Aspen and birch will be killed in an 83-acre "treatment stand" using a technique called girdling. Instead of felling the trees with chainsaws, workers used the saws to inscribe two shallow, parallel cuts that encircled the tree trunk. Other workers followed with hammers and steel pry bars, stripping a band of bark from the trees.
Girdling trees kills them while preventing them from sprouting new shoots. Sugars produced in the leaves can't make it down to the roots, which slowly starve. But water, minerals and growth hormones called cytokinins continue to flow up to the canopy.
If the trees were simply cut down, cytokinins would accumulate in the roots and signal the tree to sprout new shoots. The end result, over time, would be even more aspens.
In the coming years, atmospheric carbon dioxide uptake in the treatment stand will be compared to uptake in a control stand about a mile away. Both sites have large towers topped with sniffers that send air samples to analytic instruments inside mobile laboratories below.
The U-M Biological Station, established in 1909, covers about 10,000 acres. Nearly all of it is designated as a nature research area.
"The Biological Station is a perfect place for doing this sort of research because it fits our mission, we have the long-term records against which the responses of this experiment can be compared, and we have a diverse set of researchers interested in all kinds of questions," said Knute Nadelhoffer, director of the Biological Station and a
U-M professor of ecology and evolutionary biology.
Measurements recorded at the station since 1999 show that the U-M experimental forest adds about 7,000 tons of carbon each year to its total mass by pulling in carbon dioxide during photosynthesis and storing the carbon as new wood.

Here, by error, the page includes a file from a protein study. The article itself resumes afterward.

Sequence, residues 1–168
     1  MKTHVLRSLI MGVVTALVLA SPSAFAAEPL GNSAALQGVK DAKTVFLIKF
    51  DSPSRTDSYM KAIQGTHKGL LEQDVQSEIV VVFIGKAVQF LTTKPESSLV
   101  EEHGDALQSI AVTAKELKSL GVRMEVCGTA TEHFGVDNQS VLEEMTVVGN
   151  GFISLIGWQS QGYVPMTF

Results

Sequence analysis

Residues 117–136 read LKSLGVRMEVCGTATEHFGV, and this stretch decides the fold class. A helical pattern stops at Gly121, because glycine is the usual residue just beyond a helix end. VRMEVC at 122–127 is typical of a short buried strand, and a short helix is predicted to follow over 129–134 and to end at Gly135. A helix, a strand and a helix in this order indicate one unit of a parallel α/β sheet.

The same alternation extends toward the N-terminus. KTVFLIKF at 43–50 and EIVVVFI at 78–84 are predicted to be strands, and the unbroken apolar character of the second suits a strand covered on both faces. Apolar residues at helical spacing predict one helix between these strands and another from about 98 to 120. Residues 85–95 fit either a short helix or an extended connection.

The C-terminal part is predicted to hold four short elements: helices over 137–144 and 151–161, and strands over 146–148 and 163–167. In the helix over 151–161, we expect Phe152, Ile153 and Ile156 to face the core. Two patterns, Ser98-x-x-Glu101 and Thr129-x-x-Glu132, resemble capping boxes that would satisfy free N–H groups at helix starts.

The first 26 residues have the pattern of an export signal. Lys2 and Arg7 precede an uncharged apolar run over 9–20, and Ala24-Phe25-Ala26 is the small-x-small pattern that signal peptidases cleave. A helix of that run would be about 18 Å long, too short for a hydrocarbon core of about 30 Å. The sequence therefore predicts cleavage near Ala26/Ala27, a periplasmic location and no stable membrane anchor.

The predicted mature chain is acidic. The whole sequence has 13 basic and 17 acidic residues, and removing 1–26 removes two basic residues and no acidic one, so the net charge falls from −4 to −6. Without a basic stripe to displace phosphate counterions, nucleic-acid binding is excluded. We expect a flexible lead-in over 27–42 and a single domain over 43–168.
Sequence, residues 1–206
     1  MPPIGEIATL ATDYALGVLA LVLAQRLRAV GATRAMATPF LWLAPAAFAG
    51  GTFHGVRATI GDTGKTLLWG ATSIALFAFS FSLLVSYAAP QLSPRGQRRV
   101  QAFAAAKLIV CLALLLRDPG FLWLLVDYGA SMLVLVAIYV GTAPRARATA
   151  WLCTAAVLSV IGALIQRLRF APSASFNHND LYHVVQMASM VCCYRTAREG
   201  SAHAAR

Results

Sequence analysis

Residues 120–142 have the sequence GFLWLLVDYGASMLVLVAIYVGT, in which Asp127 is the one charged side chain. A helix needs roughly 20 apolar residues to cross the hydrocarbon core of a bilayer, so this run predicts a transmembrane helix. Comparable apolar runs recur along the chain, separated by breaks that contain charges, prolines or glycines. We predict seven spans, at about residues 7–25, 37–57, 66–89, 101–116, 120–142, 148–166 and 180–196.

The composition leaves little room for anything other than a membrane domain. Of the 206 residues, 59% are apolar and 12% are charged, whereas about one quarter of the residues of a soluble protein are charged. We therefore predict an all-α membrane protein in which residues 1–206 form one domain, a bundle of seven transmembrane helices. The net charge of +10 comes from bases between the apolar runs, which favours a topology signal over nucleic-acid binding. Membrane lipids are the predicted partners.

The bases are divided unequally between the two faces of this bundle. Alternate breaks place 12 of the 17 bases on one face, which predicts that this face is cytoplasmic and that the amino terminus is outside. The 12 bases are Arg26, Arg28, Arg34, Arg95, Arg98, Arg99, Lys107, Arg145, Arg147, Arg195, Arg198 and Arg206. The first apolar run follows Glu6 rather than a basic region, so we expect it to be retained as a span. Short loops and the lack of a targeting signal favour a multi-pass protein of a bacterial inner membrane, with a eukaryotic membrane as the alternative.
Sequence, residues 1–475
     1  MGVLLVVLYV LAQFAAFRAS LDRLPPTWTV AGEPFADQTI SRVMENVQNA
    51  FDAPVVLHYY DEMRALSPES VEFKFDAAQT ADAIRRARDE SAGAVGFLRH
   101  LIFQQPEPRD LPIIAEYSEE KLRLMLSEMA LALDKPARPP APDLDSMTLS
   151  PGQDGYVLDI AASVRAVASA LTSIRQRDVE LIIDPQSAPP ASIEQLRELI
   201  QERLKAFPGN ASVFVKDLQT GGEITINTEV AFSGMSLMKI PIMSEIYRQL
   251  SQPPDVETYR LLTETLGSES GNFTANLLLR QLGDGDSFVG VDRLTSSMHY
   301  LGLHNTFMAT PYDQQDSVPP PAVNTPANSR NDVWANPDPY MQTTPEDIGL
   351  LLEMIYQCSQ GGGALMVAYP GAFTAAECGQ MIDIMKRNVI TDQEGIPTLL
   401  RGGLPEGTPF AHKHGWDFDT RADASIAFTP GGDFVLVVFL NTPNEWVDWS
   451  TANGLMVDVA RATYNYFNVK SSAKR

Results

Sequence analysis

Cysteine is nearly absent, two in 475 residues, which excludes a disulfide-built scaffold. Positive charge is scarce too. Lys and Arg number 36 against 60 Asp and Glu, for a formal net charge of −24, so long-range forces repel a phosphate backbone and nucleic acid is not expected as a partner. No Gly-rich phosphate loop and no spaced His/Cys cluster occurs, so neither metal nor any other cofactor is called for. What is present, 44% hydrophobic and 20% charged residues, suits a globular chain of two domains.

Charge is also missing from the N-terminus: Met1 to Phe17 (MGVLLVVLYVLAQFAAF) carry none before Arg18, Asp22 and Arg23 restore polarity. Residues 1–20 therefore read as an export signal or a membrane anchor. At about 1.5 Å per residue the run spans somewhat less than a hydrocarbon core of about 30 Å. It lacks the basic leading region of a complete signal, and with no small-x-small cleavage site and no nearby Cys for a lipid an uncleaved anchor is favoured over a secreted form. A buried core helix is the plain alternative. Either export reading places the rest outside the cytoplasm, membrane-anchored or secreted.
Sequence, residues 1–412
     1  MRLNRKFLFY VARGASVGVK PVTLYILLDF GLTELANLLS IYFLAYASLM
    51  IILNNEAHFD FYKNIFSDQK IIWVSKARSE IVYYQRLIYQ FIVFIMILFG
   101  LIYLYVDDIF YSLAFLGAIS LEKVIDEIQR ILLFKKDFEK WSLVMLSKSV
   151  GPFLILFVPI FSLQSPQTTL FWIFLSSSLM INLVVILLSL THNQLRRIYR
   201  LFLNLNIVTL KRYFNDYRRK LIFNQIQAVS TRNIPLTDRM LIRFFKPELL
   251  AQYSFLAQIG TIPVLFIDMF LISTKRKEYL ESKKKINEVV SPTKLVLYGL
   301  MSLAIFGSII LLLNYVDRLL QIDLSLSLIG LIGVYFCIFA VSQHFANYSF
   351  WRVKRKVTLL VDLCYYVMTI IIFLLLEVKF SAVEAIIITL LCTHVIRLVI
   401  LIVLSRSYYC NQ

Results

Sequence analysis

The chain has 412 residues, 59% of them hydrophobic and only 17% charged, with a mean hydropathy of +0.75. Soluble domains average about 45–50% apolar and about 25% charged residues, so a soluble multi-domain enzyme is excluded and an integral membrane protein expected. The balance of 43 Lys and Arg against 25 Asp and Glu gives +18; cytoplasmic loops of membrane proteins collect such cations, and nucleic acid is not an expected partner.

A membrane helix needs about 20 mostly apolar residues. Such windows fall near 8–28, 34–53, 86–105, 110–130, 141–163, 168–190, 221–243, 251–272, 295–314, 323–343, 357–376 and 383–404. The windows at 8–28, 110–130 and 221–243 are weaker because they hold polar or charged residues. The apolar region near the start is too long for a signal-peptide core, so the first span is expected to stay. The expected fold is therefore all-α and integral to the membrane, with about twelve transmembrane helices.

"A lot of what drives our research is trying to understand how forests take carbon out of the atmosphere?how they reduce CO2 to organic matter and store it in tree wood and soils," Nadelhoffer said.
"That's important because forests are providing an environmental service," he said.
"Worldwide, they're removing almost one-third of our fossil-fuel-derived CO2 emissions from the atmosphere," he said. "So the question is, if they change their carbon uptake in the future, how will that feed back to affect the levels of greenhouse gases—specifically CO2—in the atmosphere."
Vogel and his FASET colleagues from Ohio State University and Indiana University predict that once the aging aspens and birch are removed and the treatment stand has a chance to recover, the carbon storage rate in the treated area could increase by as much as 40 percent.
It's expected to increase because removing the aspens and birches will allow more sunlight to reach the understory trees. A more complex, multi-layered canopy will rise up to replace the aspens and birches.
FASET results will be of interest to climate modelers and forest ecologists?even policymakers. The project is funded with a $650,000 grant from the U.S. Department of Energy's National Institute for Climate Change Research.